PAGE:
National Coalition For School Bus Safety
National Coalition For School Bus Safety
 

SCHOOL BUS CRASH REPORTS 2006

Some Students Leery of Getting Back on Bus After Lakewood Crash
September 22, 2006

LAKE ODESSA - A week ago today, 15-year-old Mike Norton took a vicious tumble in a Lakewood school bus.

A car on Bliss Road drove through a stop sign and slammed into the school vehicle carrying 49 kids, including Mike, on M-50.

The bus spun 180 degrees. Then it tipped over, injuring its driver, the driver of the other vehicle and 15 students.

Mike's injuries were the most severe. His collarbone shattered, several ribs cracked and a lung was bruised.

"I just remember the car hit the bus, then the wheels squealing on the pavement, then the bus laying on the ground," said Mike, recovering at home.

His parents, Richard and Dawn Norton, have their own vivid memories.

Mike, who remains a jokester even on pain medication, apparently told them at the hospital, "I don't have to ride the bus anymore. I get my license on Halloween," because of his birthday.

Now, his plans to drive himself to school, along with hunting deer this fall, are on hold for his recovery.

And Mike isn't the only one avoiding the bus since last Friday's rollover.

All of the injured, excluding Mike, have returned to class.

Yet, only 38 to 41 kids along the route encompassing the collision site have taken the bus to school this week, indicating a drop of up to 22 percent for Monday through Thursday.

As it is, Lakewood Public Schools' transportation supervisor Greg Tobias said that at least one student is now hampered by crutches when getting on the bus. Several are wearing slings.

"Probably the other ones have just decided they don't want to ride the bus for a while," said Tobias, who has been picking up the students and delivering them to school. "Some of them may not be able to get in a bus yet."

A case of nerves?

Lakewood students are acknowledging their jitters.

Last Sunday, about 30 youngsters attended a Sunday crisis meeting here.

They were assured that bus driver Amy Lozo was OK. And they took a bus ride.

Also, Lakewood social worker Lisa Krikke rode the bus with the students Monday morning. To her experienced eye, only one kindergartner seemed upset.

"She got on and said that she missed her mom and that she wanted to sit with me," Krikke said.

She advises parents to keep television-watching to a minimum. It's not healthy, she said, for children to see footage of the bus lying on its side.

"Parents need to remind them that they're safe," Krikke said. "It was a traumatic experience."

Past week

Norton understands his son's reluctance to get back on a school bus.

He'll do whatever he can, though, to convince his son that the crash was just a freak situation.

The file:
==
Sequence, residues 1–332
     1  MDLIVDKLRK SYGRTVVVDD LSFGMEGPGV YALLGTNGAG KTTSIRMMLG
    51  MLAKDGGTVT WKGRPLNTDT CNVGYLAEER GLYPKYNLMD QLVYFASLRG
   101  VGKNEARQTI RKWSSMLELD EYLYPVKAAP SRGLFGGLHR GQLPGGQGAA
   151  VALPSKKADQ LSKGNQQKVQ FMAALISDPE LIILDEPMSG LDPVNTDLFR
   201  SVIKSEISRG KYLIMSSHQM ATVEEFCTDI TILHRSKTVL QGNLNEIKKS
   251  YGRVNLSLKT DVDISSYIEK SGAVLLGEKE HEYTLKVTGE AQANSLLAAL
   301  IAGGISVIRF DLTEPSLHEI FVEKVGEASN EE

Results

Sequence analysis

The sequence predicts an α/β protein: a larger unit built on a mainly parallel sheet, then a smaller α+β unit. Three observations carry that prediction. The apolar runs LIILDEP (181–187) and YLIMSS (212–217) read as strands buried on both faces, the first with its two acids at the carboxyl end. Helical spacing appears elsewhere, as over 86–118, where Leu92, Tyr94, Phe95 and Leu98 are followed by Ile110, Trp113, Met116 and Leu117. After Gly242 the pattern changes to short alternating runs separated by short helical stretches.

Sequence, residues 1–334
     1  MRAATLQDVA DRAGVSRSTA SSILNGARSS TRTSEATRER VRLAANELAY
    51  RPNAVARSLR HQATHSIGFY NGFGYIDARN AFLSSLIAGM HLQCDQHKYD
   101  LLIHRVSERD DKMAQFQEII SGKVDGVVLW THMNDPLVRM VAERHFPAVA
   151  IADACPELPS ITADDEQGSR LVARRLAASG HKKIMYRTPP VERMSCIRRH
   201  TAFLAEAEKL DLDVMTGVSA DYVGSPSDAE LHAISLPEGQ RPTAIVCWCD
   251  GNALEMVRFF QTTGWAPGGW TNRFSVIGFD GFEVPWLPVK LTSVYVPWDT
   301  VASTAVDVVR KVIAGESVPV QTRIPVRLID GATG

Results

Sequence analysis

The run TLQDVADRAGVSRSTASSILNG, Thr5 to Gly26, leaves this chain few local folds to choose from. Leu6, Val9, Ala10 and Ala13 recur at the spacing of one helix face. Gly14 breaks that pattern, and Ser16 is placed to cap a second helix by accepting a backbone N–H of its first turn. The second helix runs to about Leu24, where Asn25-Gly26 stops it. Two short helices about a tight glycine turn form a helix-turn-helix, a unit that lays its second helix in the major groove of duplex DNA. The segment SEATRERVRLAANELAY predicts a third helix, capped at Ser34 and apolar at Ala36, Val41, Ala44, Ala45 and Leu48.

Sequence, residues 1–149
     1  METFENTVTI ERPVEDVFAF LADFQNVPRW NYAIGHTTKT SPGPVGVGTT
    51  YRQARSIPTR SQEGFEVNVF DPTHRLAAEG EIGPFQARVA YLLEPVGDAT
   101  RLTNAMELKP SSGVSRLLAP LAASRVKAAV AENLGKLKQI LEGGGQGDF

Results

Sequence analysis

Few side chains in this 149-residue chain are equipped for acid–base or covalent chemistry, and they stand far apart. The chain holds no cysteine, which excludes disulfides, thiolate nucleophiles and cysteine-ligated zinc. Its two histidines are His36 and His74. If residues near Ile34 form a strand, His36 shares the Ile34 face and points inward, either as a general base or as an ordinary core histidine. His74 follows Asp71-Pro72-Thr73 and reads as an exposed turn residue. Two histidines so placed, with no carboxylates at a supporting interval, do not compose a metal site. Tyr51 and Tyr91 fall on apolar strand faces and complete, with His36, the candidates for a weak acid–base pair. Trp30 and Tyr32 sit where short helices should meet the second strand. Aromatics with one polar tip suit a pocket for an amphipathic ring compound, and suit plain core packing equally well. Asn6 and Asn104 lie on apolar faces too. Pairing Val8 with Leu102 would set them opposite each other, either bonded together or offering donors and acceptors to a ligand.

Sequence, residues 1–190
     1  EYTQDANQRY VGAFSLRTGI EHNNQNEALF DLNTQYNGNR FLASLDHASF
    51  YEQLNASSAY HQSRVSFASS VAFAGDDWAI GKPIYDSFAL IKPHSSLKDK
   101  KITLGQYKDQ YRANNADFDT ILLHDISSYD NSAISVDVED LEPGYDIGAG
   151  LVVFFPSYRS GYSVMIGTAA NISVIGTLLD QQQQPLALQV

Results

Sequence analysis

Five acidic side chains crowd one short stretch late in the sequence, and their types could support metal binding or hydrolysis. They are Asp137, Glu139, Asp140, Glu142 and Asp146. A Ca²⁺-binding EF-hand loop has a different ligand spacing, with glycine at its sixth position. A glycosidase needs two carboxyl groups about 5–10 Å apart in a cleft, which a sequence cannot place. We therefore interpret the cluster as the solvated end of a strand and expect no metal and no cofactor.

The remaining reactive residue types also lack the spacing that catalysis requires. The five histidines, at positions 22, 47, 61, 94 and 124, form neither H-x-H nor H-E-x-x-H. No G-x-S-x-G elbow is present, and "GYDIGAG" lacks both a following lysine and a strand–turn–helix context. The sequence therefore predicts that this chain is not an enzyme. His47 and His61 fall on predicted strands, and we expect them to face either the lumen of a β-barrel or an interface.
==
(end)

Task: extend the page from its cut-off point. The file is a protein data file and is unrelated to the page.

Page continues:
"They should all get back on the bus," he said.

Deb Lindquist's sixth-grade daughter, Maria, called on a cell phone to tell her that the crash occurred.

When Lindquist next saw the 11-year-old girl, she had a bruise on her hip. Her glasses were smashed.

"She was lucky," the mom said. "I ended up bringing her to school because I thought it would be good for her to be with her friends instead of being at home, thinking about it. She rode a bus home that day.

"It was one of those freak accidents. I wouldn't want it to happen again. But I'm glad it turned out the way that it did."

Indelible memory

Children, parents and school officials alike say they will never forget last Friday, when the district's radios hummed with news of a crash along M-50.

Lakewood High School's Interim Principal Brian Williams didn't know it was a bus transporting several of his students when he walked out to M-50 to see if the crash was in sight.

There was nothing. Just traffic. When he walked back inside, he learned it was a Lakewood school bus that was involved.

His heartbeat rushed when he arrived at the scene.

The bus was on its side.

Two students were lying on the ground.

Now, the kids are taking care of their doctors' appointments, replacing their eyeglass prescriptions and, for the most part, getting back to normal.

"It never ceases to amaze me how kids sometimes respond to a crisis better than adults do," Williams said.

By Susan Vela
Lansing State Journal

NOTE: Secondary to injuries after a bus rollover accident where there are no seat belts and children are thrown violently out of their seats is emotional trauma.The emotional often outlasts the physical in time to heal.

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